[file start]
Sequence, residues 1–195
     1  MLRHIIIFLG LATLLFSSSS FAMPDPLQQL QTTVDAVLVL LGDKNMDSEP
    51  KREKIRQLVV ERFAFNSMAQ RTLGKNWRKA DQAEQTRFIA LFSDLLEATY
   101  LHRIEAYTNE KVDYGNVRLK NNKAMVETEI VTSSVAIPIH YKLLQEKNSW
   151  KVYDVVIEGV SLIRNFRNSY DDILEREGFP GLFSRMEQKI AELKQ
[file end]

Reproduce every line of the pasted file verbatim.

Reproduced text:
Sequence, residues 1–195
     1  MLRHIIIFLG LATLLFSSSS FAMPDPLQQL QTTVDAVLVL LGDKNMDSEP
    51  KREKIRQLVV ERFAFNSMAQ RTLGKNWRKA DQAEQTRFIA LFSDLLEATY
   101  LHRIEAYTNE KVDYGNVRLK NNKAMVETEI VTSSVAIPIH YKLLQEKNSW
   151  KVYDVVIEGV SLIRNFRNSY DDILEREGFP GLFSRMEQKI AELKQ